These questions may also throw new light on past arguments in Socratic and Platonic historiography; not only on the age-old and unsolved issue of the so-called ‘historical Socrates, but above all on the issue of attribution.  If, on the one hand, what Socrates actually said will probably remain forever inaccessible to us, on the other a greater attention to the textual strategies may lead to the drawing up of a boundary of some sort, however weak, between Socrates’ position and Plato’s, without this necessarily implying an acceptance of the theses of the Tübingen school.  For example—and this is one way Lacanian commentary intervenes on the text of the Symposium—one could observe that the dialectical interlude Socrates subjects Agathon to is the mark of a very different philosophical style from that which transpires from Diotima’s words.  The former is entirely formal, busy building a plot of pertinent oppositions, of radical differences, one could say it is structural in an ante litteram sort of way.  The latter, on the other hand, plays entirely on mediation, almost concerned with softening the other’s radicality, with returning to a human dimension a speech such as Socrates’, which risks, as usual, of confusing the interlocutor without offering any answer of sorts, any solution.  And if it is true that Socrates himself abandons the position of Maître for an instant, appearing before the stupefied audience in that of pupil—it is he at last who answers questions and listens—almost as if he were publicly atoning for youthful mistake, one could also say that this changeover between Socrates and Diotima is only a trick of Plato’s to slyly join in the debate himself.  With this rhetorical tour de force, Plato manages to credit Socrates, through the mediation of Diotima (whose speech, just to further mix things up, is among other things described by Socrates as ‘sophistic’) his conception of love.  This is of course nothing but a hypothesis, but one which, with the necessary precautions, may be of use to better disentangle the complexity of Plato’s works.  It is a hypothesis that would defer, or even permanently exclude, that result which is proper to a philosophical and academic commentary, which, aiming at extracting the concept or the essence of something, love in the case of the Symposium, tends to ignore the profusion of rhetorical figures and narrative functions that arrange the text and on which it is ultimately built.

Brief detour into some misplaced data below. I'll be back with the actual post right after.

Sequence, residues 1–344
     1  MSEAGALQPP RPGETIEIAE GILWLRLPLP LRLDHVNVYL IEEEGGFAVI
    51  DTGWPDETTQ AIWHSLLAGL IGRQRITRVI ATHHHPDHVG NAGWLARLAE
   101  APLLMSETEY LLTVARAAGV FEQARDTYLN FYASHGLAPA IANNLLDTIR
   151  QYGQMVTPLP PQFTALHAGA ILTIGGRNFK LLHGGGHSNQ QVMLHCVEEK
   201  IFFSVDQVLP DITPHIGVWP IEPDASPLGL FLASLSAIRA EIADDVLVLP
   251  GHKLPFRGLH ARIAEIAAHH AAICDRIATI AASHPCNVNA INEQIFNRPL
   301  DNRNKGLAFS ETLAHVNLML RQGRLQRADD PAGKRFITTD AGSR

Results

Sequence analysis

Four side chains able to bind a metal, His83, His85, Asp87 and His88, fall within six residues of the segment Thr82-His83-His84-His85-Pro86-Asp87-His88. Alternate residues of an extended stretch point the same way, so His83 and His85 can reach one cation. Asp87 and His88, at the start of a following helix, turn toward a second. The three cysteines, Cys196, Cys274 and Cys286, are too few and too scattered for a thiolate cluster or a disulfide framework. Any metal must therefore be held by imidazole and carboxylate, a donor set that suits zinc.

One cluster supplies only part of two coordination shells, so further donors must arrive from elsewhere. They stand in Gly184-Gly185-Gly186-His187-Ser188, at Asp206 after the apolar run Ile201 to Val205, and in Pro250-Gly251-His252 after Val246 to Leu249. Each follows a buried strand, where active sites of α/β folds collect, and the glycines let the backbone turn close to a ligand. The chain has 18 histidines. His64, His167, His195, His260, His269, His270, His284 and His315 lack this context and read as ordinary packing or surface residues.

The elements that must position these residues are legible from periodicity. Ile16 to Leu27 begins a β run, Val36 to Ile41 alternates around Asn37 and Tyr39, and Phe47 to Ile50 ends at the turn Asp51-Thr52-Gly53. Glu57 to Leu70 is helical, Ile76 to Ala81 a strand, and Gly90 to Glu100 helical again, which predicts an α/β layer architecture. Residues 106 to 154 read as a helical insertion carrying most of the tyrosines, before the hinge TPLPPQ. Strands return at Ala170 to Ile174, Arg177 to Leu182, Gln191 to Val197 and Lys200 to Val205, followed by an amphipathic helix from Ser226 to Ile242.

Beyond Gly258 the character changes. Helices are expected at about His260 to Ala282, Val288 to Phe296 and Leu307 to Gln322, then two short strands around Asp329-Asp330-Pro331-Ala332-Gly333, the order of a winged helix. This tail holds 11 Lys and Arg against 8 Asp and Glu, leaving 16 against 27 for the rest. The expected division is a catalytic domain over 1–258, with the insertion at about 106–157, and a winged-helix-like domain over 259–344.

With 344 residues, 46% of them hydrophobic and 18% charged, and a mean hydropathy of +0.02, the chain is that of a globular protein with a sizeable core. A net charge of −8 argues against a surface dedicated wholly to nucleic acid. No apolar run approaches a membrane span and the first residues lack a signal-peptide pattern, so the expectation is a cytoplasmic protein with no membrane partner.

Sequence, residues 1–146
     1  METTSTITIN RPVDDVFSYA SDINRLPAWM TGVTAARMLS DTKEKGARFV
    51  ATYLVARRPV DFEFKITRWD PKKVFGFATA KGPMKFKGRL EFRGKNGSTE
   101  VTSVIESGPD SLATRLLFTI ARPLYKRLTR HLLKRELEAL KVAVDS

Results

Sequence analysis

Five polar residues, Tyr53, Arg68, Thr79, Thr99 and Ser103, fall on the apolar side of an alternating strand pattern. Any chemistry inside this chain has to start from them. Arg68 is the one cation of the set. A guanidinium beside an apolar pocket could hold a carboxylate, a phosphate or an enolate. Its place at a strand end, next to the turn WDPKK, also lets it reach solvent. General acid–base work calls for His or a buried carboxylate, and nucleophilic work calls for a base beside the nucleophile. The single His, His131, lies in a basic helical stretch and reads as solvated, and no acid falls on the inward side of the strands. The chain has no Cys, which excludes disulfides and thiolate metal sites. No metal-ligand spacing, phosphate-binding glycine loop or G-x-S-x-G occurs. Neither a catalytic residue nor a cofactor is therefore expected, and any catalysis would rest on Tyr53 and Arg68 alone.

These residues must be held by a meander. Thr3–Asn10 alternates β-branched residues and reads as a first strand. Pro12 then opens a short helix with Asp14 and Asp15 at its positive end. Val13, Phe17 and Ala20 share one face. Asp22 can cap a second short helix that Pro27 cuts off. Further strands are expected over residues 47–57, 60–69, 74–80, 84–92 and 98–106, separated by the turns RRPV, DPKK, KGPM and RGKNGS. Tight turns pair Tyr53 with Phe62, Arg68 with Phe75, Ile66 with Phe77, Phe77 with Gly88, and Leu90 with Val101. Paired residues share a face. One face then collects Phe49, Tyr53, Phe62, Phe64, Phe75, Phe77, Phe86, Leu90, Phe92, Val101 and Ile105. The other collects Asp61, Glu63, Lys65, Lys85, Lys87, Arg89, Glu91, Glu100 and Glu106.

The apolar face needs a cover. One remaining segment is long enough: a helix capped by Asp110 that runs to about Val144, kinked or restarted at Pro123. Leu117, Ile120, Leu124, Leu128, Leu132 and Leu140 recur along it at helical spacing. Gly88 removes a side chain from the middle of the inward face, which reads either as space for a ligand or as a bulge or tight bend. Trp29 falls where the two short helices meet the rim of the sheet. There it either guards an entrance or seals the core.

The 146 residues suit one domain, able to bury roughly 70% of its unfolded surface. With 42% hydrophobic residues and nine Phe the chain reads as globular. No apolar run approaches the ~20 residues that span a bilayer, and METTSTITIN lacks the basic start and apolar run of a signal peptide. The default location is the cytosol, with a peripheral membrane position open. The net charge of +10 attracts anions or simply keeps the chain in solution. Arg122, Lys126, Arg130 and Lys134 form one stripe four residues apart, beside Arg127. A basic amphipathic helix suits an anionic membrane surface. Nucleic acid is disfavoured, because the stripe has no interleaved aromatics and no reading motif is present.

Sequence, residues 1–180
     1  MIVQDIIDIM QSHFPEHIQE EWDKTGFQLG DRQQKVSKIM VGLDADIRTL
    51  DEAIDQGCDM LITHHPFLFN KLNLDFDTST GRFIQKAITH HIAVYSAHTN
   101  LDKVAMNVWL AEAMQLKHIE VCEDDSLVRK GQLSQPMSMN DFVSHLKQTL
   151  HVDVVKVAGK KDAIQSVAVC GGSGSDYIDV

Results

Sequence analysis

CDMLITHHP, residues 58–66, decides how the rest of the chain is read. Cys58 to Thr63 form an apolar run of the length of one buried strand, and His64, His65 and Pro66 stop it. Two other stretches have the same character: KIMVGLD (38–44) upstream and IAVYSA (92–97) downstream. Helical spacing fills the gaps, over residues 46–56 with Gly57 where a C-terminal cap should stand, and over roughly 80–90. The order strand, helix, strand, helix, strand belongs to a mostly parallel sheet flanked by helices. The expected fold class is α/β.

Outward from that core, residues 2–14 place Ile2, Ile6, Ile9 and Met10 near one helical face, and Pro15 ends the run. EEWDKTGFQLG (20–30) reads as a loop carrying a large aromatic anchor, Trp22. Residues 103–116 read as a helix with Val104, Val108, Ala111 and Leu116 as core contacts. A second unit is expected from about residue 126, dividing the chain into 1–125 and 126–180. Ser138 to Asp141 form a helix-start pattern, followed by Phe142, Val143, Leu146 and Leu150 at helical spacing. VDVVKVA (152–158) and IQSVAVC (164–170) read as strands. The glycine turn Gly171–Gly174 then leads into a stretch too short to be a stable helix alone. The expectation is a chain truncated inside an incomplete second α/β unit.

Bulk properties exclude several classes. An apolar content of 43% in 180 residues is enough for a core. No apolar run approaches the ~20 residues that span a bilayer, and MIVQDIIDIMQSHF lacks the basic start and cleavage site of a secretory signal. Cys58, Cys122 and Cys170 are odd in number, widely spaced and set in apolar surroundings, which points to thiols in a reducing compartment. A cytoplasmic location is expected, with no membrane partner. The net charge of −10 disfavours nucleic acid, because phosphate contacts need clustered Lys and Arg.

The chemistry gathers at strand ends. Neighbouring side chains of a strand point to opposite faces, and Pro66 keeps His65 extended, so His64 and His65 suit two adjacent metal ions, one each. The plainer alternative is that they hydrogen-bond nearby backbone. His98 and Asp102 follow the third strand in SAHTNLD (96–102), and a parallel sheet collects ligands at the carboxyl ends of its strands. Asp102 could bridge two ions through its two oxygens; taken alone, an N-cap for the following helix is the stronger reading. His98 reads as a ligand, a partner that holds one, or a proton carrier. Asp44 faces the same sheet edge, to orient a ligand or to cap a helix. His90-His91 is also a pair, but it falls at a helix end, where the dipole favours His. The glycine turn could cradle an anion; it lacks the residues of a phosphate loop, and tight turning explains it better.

Indeed, if it is true, as Derrida writes, that a style never lets itself be distinguished by intention, it never, in other words, allows that act that makes up the primary violence of every commentary—i.e. the prosaic disembodiment to a conceptual pattern—it is also true that before the violence with which Lacan inevitably risks reducing the text of the Symposium to his psychoanalytic theory, there is already the violence imposed by the institutional philosophical commentary.  And Lacan ought to be credited with, even if this were his only merit, having got round this danger inherent to an academic philosophical interpretation.  The fact that he reads the Symposium thoroughly and up to the very last word, that he attaches to the figure of Alcibiades a far more relevant function than that of swinging between the apologetic and the documentary, which is characteristic of the more traditional commentary, and the fact that he finds Alcibiades decisive to the understanding of Plato’s theory of Eros at least proves the following:  he does not disembody the Symposium within a conceptual pattern, but adopts it primarily as a text.  Hence his meticulous highlighting of the style; beginning with the discursive contexts:  mythological, medical, sociological, comical-tragic and tragic-comical, scientific, philosophical-idealistic; then of the narrative structures, of the dramatic patterns, the witticisms, even in the game of the pure signifier; and again of the distinction between uttering and utterance (énonciation and énoncé), decisive to understanding, for example, the speech Alcibiades makes which could be summed up in the common saying:  «Talk to a daughter in law so as a mother in law will understand».